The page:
A Conversation for Heisenberg's Uncertainty Principle
You don't know
yossiv Started conversation Aug 20, 2000
I suggest you review your knowledge quantum physics. The uncertatinty comes from the Duality and not vice versa. Plus even If we made a measurement which wouldn't affect the momentum(not the velocity,)we still wouldn't be able to measure both position and momentum, or energy and life time, or more then one angular momentum of the same particle, because the uncertainty principle is derived from the fact that we can assume a wavelength to anything and everything, and not becuase of techniqualities like hitting the particle with a photon.
read about EPR experiment I believe you'll like it.
You don't know
TimWilkinson Posted Apr 15, 2004
Yossiv has got it right. I'm afraid the main article has fallen into the usual trap. This is partly the fault of Heisenberg himself, who famously illustrated uncertainty with a thought experiment involving a gamma ray microscope. But of course, if you bounce a photon (or anything else) off a particle in an attempt to measure its position, it's going to move, so you can never know its position and velocity.
However this would be a feature of ordinary classical mechanics, not just of quantum theory. The analogy is a poor one, and unfortunately one that is even repeated in many textbooks.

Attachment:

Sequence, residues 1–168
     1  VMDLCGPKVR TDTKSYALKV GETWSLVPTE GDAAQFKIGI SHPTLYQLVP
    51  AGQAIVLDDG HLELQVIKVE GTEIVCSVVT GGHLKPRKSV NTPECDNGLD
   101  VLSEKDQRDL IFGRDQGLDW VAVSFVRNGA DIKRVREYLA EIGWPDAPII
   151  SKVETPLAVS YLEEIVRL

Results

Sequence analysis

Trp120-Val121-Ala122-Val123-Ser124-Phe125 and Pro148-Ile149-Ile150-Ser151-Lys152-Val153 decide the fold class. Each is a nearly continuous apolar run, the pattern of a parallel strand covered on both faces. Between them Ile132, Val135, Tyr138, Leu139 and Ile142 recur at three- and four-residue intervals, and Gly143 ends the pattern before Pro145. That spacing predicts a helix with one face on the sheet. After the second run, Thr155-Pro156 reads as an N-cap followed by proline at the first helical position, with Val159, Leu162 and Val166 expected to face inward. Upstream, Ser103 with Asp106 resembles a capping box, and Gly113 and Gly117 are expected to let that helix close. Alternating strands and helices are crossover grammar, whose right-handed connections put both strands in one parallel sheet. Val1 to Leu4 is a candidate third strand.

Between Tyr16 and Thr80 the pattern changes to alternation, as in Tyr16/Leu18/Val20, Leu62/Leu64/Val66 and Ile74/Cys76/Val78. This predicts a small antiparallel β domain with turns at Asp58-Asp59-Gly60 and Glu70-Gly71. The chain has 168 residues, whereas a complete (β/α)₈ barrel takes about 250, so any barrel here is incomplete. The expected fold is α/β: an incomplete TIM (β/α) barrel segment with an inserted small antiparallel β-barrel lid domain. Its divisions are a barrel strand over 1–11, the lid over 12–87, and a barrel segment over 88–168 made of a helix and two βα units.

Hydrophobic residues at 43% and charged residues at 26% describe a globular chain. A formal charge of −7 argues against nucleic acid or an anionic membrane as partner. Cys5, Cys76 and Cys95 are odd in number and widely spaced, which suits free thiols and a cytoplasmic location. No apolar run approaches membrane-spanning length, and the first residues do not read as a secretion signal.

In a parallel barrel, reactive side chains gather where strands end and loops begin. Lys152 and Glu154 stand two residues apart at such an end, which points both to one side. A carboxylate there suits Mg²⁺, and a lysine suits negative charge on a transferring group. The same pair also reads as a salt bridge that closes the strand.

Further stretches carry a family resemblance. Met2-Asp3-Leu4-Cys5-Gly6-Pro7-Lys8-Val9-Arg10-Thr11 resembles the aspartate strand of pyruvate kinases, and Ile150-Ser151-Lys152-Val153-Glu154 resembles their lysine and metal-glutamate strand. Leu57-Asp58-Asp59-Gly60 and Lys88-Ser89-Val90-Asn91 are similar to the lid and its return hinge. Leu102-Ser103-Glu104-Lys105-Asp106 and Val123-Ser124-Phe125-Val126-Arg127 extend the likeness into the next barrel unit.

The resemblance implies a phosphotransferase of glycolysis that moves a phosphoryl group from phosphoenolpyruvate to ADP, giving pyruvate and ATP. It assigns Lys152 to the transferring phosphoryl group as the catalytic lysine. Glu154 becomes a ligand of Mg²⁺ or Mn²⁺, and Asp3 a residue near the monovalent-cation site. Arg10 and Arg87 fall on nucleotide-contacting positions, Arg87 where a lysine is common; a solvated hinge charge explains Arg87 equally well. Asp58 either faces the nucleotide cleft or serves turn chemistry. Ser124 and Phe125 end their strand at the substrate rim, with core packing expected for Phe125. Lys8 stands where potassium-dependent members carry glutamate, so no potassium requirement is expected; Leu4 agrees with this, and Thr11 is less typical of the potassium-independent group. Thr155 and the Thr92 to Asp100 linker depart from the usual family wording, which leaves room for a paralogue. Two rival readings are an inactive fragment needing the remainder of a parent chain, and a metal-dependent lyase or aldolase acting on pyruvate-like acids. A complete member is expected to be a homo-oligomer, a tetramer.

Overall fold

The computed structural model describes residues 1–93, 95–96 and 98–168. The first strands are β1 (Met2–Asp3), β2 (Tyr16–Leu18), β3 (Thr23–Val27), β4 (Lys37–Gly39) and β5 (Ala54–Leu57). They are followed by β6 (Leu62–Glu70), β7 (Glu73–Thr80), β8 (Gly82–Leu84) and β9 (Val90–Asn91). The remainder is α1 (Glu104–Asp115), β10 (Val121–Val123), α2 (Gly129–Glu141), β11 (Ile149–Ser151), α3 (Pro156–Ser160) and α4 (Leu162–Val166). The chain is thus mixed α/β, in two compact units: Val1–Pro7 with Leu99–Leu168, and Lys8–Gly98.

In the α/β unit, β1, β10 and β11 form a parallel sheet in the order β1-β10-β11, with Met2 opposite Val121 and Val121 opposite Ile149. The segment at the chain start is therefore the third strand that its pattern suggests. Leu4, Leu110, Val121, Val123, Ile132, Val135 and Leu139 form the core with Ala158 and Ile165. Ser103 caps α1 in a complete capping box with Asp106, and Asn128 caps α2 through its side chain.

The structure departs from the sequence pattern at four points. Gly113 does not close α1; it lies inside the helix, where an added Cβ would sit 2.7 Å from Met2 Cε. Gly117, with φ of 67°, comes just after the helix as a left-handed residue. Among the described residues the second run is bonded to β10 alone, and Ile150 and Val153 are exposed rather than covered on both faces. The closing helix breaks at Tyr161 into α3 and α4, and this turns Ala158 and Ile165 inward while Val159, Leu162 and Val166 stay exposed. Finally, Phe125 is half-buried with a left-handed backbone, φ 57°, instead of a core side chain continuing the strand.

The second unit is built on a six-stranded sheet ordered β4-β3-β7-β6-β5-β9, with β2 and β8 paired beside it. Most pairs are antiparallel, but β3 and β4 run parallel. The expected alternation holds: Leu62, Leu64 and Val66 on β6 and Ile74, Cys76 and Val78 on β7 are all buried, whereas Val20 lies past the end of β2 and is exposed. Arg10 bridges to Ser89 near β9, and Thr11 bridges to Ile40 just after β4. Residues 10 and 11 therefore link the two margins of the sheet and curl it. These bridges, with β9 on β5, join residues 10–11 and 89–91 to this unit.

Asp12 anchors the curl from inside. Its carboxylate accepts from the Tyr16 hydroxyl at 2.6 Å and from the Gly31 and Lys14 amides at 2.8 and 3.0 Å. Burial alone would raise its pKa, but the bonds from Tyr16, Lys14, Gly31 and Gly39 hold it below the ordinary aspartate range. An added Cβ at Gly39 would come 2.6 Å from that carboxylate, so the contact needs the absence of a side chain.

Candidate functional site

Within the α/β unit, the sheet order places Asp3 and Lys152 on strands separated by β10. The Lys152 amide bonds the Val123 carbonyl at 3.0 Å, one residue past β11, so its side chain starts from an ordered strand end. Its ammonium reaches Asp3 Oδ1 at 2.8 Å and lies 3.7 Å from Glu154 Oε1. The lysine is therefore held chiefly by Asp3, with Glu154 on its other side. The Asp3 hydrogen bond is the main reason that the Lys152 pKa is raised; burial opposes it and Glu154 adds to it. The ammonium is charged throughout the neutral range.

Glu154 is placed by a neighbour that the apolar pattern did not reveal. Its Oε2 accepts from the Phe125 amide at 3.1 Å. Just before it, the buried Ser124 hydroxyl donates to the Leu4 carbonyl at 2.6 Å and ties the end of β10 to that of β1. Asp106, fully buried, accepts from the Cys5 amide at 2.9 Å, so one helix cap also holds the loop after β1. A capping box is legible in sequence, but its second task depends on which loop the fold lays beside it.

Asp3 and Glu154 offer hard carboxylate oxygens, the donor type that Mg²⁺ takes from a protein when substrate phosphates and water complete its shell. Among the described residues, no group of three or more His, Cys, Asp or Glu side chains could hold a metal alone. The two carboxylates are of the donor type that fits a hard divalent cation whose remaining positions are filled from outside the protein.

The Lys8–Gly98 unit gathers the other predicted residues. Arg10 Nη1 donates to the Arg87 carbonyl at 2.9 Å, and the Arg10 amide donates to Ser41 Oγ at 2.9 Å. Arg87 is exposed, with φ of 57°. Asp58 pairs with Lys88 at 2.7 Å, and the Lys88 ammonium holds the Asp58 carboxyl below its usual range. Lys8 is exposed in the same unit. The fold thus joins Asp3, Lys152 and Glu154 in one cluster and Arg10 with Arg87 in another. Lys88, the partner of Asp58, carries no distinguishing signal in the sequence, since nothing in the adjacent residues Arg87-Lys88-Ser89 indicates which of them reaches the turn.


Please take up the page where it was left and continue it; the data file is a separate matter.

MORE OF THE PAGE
The difference is that in classical mechanics you can see where the photon and the particle go after the collision and deduce their position and velocity at the time of the collision. The uncertainty principle is much deeper, and says you can't do that.
Uncertainly cannot be demonstrated with any analogy that looks like colliding particles. It is more to do with wave / particle duality and the amount of information that can be extracted from a system. It says that the more information you extract about a particle's velocity, the less you can extract about its position. This is not due to any weakness of your apparatus, or the energy or momentum of the photon you use to do the measuring. It is due to the very nature of matter at the smallest scale. It would apply equally if you had some as yet unthought of means of measuring the velocity of a particle without interacting with it at all.
What it is really saying is that the very act of pinning down a particle's velocity increases the amount of wave type (as opposed to particle type) behaviour that the particle displays in its position. The position is not simply becoming more difficult to measure; the particle actually ceases to have any fixed position that can be measured at all, by whatever means, just because you measured its velocity.
The article should really be deleted or amended because it is perpetuating the urban myth that uncertainty is caused by the recoil of a particle we are trying to measure from the photons we fire at it in attempt to do the measurement. Not at all! We are educating people with duff information! Quantum mechanics is far more mysterious than that...
Key: Complain about this post